But community-development and low-income-housing advocates view Barr as an implausible focal point for that larger conflict. David M. Dworkin, the president and CEO of the National Housing Conference and a former Treasury Department official under Obama and Donald Trump, is sharply critical of choices Obama and Geithner made, including those that resulted in many Americans losing their home during the mortgage crisis. That wave of foreclosures “is one of the great tragedies of American government in the 21st century,” Dworkin told me. But Barr, he said, “was the voice in the room who was willing to step up and say we need to” protect more homeowners. “Unfortunately, he was in the minority. When I hear people criticize Michael Barr, it blows my mind.”
For community-redevelopment groups, Barr’s nomination would culminate a policy evolution that can trace its roots, at least partly, back to May 1992, when Clinton toured South Central L.A. In office, the former president used various levers to fulfill the central promise he made that afternoon—to channel more private capital into low-income neighborhoods. Among other measures, the Clinton administration created empowerment zones that offered tax breaks to employers who invested in low-income areas; updated and toughened regulations for the CRA, the 1977 anti-redlining law that requires banks to serve the neighborhoods where they operate; and created a federal fund to seed the development of a nationwide network of community-development financial institutions (CDFIs), small banks and loan funds that provide credit in low-income neighborhoods usually overlooked by conventional financial institutions.
Barr was present at the creation of all these developments. The son of a labor-union lawyer, he worked on anti-poverty issues both as an undergraduate and law-school student at Yale. He joined the Clinton administration on the State Department’s policy-planning staff in 1994, then moved to Treasury as a special assistant to then-Secretary Robert Rubin.
Few government officials had much background in steering private investment to low-income neighborhoods, and Barr, with his interest in anti-poverty work, was drawn to the emerging field. Working with allies such as Gene Sperling, the director of Clinton’s National Economic Council, Barr quickly became an advocate for community-development policies, from getting the CDFI fund off the ground to expanding the earned-income tax credit for the working poor.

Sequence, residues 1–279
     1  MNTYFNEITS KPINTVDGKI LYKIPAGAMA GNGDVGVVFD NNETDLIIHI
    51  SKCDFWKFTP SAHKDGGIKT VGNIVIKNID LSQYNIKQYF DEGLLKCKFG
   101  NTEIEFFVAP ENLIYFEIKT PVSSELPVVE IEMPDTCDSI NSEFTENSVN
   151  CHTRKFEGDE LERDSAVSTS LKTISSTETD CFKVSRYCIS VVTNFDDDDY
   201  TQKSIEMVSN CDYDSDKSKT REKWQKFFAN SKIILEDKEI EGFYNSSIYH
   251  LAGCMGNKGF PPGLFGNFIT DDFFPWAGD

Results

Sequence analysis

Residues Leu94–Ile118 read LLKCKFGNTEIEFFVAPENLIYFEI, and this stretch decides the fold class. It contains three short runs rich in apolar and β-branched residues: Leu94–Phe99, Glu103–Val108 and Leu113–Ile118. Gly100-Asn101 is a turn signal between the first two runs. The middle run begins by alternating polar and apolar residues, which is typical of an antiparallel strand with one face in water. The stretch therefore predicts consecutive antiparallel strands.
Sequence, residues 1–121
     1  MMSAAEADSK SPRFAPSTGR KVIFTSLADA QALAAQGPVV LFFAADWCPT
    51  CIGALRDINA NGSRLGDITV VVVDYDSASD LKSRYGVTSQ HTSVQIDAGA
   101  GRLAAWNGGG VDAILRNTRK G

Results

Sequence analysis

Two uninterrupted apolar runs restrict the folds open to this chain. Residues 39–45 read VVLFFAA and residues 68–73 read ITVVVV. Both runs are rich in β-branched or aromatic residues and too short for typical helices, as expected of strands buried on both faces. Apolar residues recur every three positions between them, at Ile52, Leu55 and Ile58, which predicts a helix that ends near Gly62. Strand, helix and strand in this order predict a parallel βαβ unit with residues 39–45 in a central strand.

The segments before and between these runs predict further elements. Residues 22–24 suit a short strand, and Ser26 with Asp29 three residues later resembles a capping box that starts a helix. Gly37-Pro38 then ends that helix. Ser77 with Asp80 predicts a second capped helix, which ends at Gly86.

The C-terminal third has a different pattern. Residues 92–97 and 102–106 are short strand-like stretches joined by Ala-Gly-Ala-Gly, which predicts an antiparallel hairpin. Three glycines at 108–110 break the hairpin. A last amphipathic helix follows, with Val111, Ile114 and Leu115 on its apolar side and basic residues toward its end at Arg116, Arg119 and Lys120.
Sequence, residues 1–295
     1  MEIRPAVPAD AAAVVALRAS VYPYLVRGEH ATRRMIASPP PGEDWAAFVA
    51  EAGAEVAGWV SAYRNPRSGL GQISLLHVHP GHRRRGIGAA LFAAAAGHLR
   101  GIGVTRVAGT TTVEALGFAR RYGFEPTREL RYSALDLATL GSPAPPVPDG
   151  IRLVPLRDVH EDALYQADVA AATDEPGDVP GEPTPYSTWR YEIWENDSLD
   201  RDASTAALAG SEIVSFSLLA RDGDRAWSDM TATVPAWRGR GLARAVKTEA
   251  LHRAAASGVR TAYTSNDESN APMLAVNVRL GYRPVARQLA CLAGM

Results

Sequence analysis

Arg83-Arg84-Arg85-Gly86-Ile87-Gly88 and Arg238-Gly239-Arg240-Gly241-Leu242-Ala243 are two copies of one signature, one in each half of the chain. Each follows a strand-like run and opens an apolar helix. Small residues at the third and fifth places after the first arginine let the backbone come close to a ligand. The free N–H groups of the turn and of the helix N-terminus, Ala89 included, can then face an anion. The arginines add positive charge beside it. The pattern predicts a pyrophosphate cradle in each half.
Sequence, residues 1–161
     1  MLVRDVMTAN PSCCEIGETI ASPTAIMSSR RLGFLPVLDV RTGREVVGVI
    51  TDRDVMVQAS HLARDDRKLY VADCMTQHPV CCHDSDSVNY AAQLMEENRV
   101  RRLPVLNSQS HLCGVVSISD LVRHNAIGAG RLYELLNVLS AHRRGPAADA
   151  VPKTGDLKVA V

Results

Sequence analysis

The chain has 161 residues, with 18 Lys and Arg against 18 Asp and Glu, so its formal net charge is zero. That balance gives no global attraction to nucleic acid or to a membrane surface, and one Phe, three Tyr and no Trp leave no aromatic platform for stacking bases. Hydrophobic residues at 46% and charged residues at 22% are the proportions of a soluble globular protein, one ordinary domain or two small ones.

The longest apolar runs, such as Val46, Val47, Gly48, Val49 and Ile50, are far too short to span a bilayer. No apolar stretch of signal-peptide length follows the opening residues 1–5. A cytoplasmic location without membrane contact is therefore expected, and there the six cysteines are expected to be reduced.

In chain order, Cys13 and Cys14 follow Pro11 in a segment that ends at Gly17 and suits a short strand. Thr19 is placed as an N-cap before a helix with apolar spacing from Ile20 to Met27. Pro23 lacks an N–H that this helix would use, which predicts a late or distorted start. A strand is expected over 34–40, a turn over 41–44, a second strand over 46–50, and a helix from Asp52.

In that role, Barr showed sensitivity to a crucial factor in banking policy: ensuring local involvement and input, says Lisa Mensah, the president and CEO of the Opportunity Finance Network, the nationwide association for CDFIs. “He’s a known quantity to all of us who have been in a very long fight … to move capital into poor neighborhoods via the institutions that come from those neighborhoods, not just via the mainstream,” she told me. “He’s a believer that it matters who runs the institutions.”
After Clinton left office, Barr taught at the University of Michigan Law School, where he was among those who pioneered research on the financial system’s failures to serve the “unbanked”—low-income consumers reliant on expensive payday lenders or check-cashing services. After Obama’s election, Barr returned to Washington as the assistant secretary for financial institutions under Geithner. During his two years in the administration, Barr spent almost all of his time on the sweeping Dodd-Frank legislation to rebuild the financial system after the 2008 crash. In that effort, he earned praise from one segment of the Democratic coalition—but also experienced his first bout of criticism from another.
Community-development and consumer advocates hailed Barr’s work in shepherding the law’s provisions creating the Consumer Financial Protection Bureau. That new agency, designed specifically to safeguard consumers in the financial marketplace, was associated primarily with the then–law professor Elizabeth Warren, but advocates (including her) considered Barr a central ally in winning Congress’s approval for it. But as Geithner’s point person, Barr drew his first flak from the left during negotiations over the legislation, when the Obama Treasury Department opposed several measures that progressives had pushed to cap the size of the biggest banks and limit their risk taking. “Barr tried to water down the Dodd-Frank Act at every turn,” the liberal American Prospect wrote in a recent piece opposing his nomination. Although that charge ignores Barr’s work on consumer protection, similar earlier criticism derailed a potential Barr nomination to the Federal Reserve Board of Governors during Obama’s second term.